This can work well for most people with one or two parents who needs to plan for assisted living.  The app will need to combine fee schedules for those planning for both parents since each may require separate services or stay in a separate facility depending on care needed.  In either case, there is no need to assign any names to the candidates other than "Mom" or "Dad".

What about those who have to plan for multiple people, such as social workers, geriatric nurses, financial planners, or even people tasked with planning assisted-living for elderly members of an extended family?  These will want to assign some name or identifier to each case they handle so they can find it when they come back to the app.  Assigning a name or any other personally identifiable information, even if encrypted, would violate anonymity, which I have set as an uncompromisable requirement for this app.

In my attempts to solve this I considered several schemes while all turn out to be unworkable upon reflection:

Force an end-user with multiple clients to assign a number to each client.

Forcing people to record a name and number on a separate sheet of paper or electronic document on a laptop is a non-starter.  People will lose it.  Worse, people will use things like their clients social security number or phone number.  I don't want to be responsible for even the last four digits.

Force an end-user with multiple clients to assign a a name to each client from a list of military-style code names.

You can see what I'm talking about here. Again, social workers and financial planners will have to record these names along with their client's real names on a separate sheet of paper or electronic document which can be lost.  It also just seems a bit silly:  "Bravo Falcon to Victor Sunburst, come in, do you read me?".  I don't think so.

Generate a public/private key-pair for each user with multiple clients and give them their private key.  Use that to encrypt the name of each client they are planning for.

Now we're talking strong security!  But remember who the end-users for this use-case are.  Financial planners, social workers, geriatric nurses.  Do you know any financial planners or social workers?  If you do, would they know what to do with a private RSA key even if you told them?  They would still have to store the key somewhere and remember where they put it.  How likely is that?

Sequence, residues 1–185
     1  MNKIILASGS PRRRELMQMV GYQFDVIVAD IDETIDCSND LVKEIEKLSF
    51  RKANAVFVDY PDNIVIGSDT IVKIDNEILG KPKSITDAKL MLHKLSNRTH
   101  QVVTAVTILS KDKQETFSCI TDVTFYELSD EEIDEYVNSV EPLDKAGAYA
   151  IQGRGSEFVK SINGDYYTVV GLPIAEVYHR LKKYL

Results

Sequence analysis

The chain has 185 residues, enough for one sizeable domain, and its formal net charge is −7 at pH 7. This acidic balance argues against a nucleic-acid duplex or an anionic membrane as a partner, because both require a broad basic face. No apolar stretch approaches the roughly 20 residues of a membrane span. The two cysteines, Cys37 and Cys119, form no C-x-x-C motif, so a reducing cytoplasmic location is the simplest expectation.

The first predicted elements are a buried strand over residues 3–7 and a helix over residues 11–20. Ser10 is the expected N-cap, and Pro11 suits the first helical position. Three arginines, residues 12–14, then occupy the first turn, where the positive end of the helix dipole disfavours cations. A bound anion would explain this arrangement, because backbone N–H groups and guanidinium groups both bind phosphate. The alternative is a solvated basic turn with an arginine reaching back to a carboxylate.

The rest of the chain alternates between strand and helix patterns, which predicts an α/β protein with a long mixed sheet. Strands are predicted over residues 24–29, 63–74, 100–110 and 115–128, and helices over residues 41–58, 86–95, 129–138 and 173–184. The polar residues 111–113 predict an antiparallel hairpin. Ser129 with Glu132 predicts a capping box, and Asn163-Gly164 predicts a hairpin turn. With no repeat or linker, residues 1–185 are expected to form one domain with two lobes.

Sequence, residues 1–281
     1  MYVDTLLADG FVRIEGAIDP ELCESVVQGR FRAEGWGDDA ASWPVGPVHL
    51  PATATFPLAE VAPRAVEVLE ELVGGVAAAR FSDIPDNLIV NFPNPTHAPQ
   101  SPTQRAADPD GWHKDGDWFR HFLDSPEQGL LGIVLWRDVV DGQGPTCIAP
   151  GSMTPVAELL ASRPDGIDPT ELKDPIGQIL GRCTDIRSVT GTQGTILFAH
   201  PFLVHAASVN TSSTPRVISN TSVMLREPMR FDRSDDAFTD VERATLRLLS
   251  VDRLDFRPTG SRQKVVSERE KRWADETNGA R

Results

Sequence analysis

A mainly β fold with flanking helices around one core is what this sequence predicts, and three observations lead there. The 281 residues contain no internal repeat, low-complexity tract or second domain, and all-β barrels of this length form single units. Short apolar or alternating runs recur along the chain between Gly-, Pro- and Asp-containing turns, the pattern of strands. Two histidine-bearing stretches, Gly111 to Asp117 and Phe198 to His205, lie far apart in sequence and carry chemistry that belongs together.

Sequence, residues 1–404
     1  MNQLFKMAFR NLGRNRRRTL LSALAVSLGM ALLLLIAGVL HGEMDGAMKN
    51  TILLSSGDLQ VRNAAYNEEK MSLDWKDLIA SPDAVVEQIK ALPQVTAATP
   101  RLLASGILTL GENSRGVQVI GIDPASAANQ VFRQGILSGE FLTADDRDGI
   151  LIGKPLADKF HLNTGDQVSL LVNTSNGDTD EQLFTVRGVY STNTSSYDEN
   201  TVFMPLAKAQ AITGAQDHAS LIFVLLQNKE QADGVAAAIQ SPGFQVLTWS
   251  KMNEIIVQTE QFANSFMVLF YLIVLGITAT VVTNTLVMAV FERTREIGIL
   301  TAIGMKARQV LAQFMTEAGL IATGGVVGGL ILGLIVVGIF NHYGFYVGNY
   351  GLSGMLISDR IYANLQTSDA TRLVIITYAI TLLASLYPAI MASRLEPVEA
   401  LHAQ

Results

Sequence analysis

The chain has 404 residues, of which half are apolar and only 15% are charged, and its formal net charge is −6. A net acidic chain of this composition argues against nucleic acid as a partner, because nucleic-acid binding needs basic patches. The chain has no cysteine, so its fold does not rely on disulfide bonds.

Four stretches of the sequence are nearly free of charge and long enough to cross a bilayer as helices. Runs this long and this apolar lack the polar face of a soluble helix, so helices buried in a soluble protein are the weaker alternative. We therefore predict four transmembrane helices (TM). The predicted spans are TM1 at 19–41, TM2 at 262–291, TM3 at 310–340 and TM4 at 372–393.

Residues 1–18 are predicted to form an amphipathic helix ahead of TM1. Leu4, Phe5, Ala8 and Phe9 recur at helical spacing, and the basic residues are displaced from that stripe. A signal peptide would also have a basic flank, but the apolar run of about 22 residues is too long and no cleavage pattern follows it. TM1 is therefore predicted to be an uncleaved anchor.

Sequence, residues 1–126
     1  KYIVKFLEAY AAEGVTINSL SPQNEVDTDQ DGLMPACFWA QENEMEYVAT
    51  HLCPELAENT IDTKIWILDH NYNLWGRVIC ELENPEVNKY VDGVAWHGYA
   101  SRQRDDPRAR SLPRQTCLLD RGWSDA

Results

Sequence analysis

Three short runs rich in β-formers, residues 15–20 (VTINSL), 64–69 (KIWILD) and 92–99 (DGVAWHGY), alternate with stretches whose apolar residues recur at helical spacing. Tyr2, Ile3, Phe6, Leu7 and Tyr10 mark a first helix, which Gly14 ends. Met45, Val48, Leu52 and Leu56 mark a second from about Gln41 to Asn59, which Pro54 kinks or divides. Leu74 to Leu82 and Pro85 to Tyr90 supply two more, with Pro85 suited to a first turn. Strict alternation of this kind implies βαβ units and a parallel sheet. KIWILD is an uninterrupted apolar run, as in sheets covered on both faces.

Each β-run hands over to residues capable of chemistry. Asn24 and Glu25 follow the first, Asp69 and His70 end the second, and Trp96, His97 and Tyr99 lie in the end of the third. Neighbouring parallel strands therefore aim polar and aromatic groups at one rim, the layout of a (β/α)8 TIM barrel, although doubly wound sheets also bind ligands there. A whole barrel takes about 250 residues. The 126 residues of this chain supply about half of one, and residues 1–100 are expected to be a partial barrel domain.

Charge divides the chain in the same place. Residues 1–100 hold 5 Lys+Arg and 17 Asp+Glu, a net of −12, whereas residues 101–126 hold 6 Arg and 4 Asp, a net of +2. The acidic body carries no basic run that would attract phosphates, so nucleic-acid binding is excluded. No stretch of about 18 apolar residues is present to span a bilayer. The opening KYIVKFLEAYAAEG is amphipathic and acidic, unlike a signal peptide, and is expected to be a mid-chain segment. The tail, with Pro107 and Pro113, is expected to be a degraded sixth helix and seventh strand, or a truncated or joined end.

Don't require authentication.  Don't take names.

What if the app doesn't require end users to authenticate at all?  Instead, each time they want to plan for a new client, it assigns to that client a unique URI.  The end users still has to bookmark the URI for each client, but most people who already know how to use a browser also know how to bookmark a URI or they can learn.  They can assign that bookmark any name they want, including their client's actual name.  Modern browsers like Firefox and Chrome allow users who authenticate with a service to share their bookmarks across platforms.  The bookmarks are still private and under the user's control.  If a professional with multiple clients bookmarks a URI for a client on a public computer with their client's name, it's on him.  That's why he is called "professional" in the first place.

This is not ideal.  Even individuals using the app on behalf of one or two parents will have to bookmark it if they want to come back.  People will forget to bookmark, forget where they saved the bookmark, or forget they ever created a bookmark.  When this happens, too bad, they will simply have to start over again.  But it seems like a pretty reasonable compromise.

If people start enter data twice for the same individual, researchers will have no way to know that when they scan the data and compute aggregate data.  There will then be multiple data points for the same individual.  Researchers may develop techniques to check for likely duplicates, but there will be false positives and negatives.  But by the same token, even when they don't create multiple URI's for the same assisted-living candidate, we have no way to know how accurate or complete their data is.  Researchers in social sciences have to deal with this problem all the time.  If enough individuals respond, it may not matter, since they can still observe trends, which is what I think they're after.

I wrote about this same problem in 2011 in my first post to this blog.  My thinking on how to do this has evolved a bit.